Yes, unless we do a red-eye flight.
    The red-eye would be the only other option, leaving just shortly after midnight, 12:20 a.m., arriving at 6 a.m.
    I could point out, if it's helpful, that in a more rural community sometimes it is a little easier for people to do it during the day than in the evening. In rural communities sometimes the schedules are a little different, if it's farmers or someone like that. Not that their evenings are necessarily any better than their—
    If we approach that in one city, then consistency is key, in order for the logistics to make sense.
     Okay.
    One thing I had suggested up front, though, was for the meetings to be together. If we had the expert panel, the open session would be immediately after, without a break, so we have it compact. If it's afternoon or evening, we can travel during the day, and then head into the session and have it all together within the three-hour period, with maybe two hours of expert testimony and one hour of open mike, depending how many witnesses we have in any given city.
    The challenge being outlined here, though, is that because of the flight, the time changes, and things such as that, if we were to do it, we'd have to fly either in the evening or in the morning.
    In the morning.
    If we use the red-eye flight, we can leave at midnight and get in at 6 a.m. If we don't do that—and it isn't the best thing to do, although I've done it a number of times because it had to be done—then we leave on the earliest flight, at 6 a.m. or 7:00 a.m., or whatever it is, and we lose half a day because of the time change and everything. That's what you're getting at, isn't it?
    If your idea is to have your public hearings in the afternoon and evening, you're travelling in the morning and doing your public hearings in the afternoon and evening. However, in order to get from Olds to Toronto, there's that gap and the time change. You'll need to leave a little earlier and you'll eat into some of that time at Olds College. That is, unless you're doing a charter, in which case you have a lot more flexibility.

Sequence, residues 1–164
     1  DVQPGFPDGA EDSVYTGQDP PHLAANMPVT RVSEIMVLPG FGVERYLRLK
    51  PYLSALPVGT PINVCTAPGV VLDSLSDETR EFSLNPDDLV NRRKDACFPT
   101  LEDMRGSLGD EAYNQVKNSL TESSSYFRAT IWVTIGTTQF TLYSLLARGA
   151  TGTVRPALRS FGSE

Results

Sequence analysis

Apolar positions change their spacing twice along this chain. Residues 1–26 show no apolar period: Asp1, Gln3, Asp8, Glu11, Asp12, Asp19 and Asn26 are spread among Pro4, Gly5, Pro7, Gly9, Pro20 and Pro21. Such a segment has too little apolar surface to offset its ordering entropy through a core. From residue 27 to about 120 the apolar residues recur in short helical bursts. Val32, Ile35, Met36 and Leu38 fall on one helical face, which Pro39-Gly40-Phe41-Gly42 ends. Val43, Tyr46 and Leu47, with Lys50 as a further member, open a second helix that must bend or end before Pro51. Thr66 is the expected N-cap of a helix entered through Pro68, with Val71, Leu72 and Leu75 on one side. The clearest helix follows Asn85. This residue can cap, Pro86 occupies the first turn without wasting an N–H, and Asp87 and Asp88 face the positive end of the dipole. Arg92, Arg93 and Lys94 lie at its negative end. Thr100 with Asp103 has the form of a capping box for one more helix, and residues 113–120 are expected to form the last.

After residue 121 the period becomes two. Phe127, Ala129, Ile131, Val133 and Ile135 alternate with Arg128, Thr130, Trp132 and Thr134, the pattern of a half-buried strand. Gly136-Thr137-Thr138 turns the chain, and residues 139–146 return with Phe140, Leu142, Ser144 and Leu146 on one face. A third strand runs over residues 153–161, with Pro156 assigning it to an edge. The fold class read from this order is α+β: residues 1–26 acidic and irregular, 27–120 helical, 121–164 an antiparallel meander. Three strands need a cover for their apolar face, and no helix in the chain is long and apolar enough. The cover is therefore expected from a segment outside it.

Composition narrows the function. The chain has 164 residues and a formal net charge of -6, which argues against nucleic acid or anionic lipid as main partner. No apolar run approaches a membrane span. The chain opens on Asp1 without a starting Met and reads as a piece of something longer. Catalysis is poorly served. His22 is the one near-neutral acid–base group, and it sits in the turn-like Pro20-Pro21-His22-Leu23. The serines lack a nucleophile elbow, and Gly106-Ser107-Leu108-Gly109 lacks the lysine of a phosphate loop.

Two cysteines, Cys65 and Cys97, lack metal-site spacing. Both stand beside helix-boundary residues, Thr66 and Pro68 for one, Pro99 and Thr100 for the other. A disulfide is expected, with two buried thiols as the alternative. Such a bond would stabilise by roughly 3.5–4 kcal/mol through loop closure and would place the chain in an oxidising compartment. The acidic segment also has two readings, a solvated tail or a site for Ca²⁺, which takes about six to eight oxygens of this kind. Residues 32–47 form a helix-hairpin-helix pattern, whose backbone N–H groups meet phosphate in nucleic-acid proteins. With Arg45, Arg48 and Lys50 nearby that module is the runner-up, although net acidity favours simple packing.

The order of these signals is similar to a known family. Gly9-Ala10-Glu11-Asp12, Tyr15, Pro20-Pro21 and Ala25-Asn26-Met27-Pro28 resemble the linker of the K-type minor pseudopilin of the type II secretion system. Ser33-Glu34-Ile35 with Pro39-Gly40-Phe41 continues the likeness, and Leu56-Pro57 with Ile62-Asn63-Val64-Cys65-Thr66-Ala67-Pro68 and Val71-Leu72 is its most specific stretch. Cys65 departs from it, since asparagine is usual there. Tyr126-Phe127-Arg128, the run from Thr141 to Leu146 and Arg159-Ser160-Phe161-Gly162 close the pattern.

As well, you'll have a lot more free time at the spot.
    Indeed.
    If we could leave early in the morning, and if we're saying we're going to do just afternoons and evenings in Toronto, would there be a flight to facilitate that? There has to be a 6 a.m. or 7 a.m. flight, or something such as that.
    Right. Your idea would be to start a little earlier in Olds, finish earlier, and then head to Toronto on an afternoon flight.
    That's possible too, but based on what I thought I heard Ruby say, we'd have afternoon and evening sessions in Toronto. That would allow us the time in Olds. We could stay overnight near the Calgary airport and then fly out on the first, or one of the first, available flights the next morning, which would put us in Toronto by—
    It would be 1:15 p.m. You'll get out of the airport at around two o'clock and you'll be downtown around three o'clock. It becomes a little later start in Toronto.